Why Isn’t Every Town Like Carmel?

Posted by Donna Rouviere Anderson |
August 21, 2015

Photo by Forrest Anderson

"...a village in a forest overlooking a white sand beach.”
— Description of Carmel in the village's city plan

You can’t visit Carmel-by-the-Sea without asking the question, “Why isn’t every town like this?”

The village on the Central Coast of California is testimony in almost every way to the principle that beautiful, thoughtful design city planning and concern for the environment add commercial and lifestyle value to small communities.

Carmel is more fortunate than many towns in its temperate weather and location on the Monterey Peninsula. The city is blessed with one of the world’s most beautiful white sand beaches within walking distance of its small business district. At the same time, however, no other similarly situated town along the coast is its equal in sheer charm and magic.



Carmel was founded in 1902, mostly by artists. Artists dominated its city councils in its early years and artists were a number of its mayors. Their bohemian ways permeate the city’s culture. Carmel has numerous hotels, restaurants and shops that admit customers with dogs. The city laws prohibit wearing high heel shoes without a permit, a restriction that is not enforced strictly but protects the city from lawsuits caused by tripping on pavement distorted by tree roots.

Located between Los Angeles and San Francisco, the town has about 4,000 residents and the business district is just 120 miles south of San Francisco.

Carmel historically was inhabited by various groups of Native Americans. Spanish mariners discovered it in 1542 and a Carmelite friar named it after his order’s patron saint, Our Lady of Mount Carmel, in 1602. It wasn’t until Father Juniper Serra and Juan Crespi established the Mission San Carlos Borromeo de Carmelo in 1770 that the area was colonized.

The coming of the Spanish was tragic for the local inhabitants, mostly died out in the 18th and 19th century from European diseases, overwork and malnutrition on the missions on which they were forced to live and work.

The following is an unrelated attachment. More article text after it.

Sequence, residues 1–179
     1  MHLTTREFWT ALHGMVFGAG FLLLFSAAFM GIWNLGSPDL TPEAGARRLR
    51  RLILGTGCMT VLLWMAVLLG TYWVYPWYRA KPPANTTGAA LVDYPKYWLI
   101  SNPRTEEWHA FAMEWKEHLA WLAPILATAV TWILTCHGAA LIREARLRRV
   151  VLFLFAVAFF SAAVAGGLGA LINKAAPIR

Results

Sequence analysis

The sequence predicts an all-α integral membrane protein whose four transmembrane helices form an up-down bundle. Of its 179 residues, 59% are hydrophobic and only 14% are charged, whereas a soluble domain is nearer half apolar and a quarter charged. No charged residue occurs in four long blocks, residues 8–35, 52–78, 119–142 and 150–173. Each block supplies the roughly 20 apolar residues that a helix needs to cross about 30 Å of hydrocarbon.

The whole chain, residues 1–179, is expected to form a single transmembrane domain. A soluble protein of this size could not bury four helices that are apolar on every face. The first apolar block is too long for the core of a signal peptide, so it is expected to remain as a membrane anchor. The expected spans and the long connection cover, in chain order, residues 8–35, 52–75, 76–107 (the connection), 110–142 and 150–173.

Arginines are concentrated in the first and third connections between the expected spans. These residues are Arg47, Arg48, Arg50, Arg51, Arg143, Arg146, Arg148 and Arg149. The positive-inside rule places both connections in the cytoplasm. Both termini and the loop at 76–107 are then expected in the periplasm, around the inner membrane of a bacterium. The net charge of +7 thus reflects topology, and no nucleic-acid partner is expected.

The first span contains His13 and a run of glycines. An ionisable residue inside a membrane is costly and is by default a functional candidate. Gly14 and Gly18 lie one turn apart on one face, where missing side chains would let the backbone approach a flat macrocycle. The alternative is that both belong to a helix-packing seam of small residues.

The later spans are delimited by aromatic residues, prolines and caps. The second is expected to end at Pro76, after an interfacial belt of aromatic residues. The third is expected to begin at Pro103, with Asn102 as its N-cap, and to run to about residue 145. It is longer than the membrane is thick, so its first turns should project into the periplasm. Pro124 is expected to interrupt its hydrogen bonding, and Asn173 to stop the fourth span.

Father Serra died in 1784 and is buried at the mission next to Father Crespi.





French businessman Honore Escolle purchased the area that was to become Carmel-by-the-Sea in the 1850s and subdivided it in the late 1880s, but lots weren’t sold until the early 1900s. A real estate investment company coined the phrase “Carmel-by-the-Sea" on a postcard.

Artists flocked to the area from San Francisco after the 1906 earthquake destroyed many buildings there. The artists were offered  building lots for ten dollors down, almost no interest and whatever they could afford to pay each month. Many famous artists and writers have lived in the village, among them Sinclair Luis and Upton Sinclair.  The local Arts and Crafts Club sponsored artistic and social events in Carmel and Shakespear plays in Carmel and a number of world-renowned theaters have been located there over the years. Carmel continues to be a venue for well-known performers who participate in annual events such as the Carmel Bach Festival.

Many famous poets, photographers and novelists have lived in or visited Carmel, making it famous with their photographs, paintings and descriptions of the area.

Some used famous architects to build landmark houses and cottages using granite boulders from the rocky shore of Carmel Bay. These homes were made more famous by the works that artists produced in them and the illustrious guests who visited them. Famous photographers such as Arnold Genthe did pioneering photography in Carmel. Legendary photographer Ansel Adams lived in the area and his prints of his photographs are still sold in Carmel.

Most of Carmel’s restaurants have outside areas that allow dogs. Most offer water to them and a few have doggie menus. Many retailers allow dogs to accompany their owners in their stores and have dog treats available. Many stores have water bowls and dog biscuits in front. Police officers open cars that contain pets without adequate ventilation or water, remove the pets and fine the owners.

Carmel vigorously maintains its character as a "village in a forest overlooking a white sand beach," to quote the city’s general plan.

The city has become an international model of an authentic storybook village in an urban forest. New buildings must be built around existing trees and new trees are required on lots that are deemed to have an inadequate number. Fences routinely have holes cut in them to allow trees to grow through them unencumbered.

The village, which occupies about one square mile, has no streetlights, parking meters or street numbers on cottages and houses. Many of the houses are named. The Post Office does not deliver mail. Instead, residents go to the post office to pick up their mail.

The storybook cottages of Carmel, with their quaint gables, storybook rooflines, shutters and arched doors and quaint gardens with winding paths and trees, are world famous and were the model for The Thoughtful House which is now under construction. 





Carmel's otherworldly approach to city planning has made the city ineffably charming and its real estate among the world’s most pricey. It is not uncommon for a small cottage in Carmel to sell for well over a million dollars. Many so-called cottages are cunningly designed to look small and quaint in front but are actually large homes.


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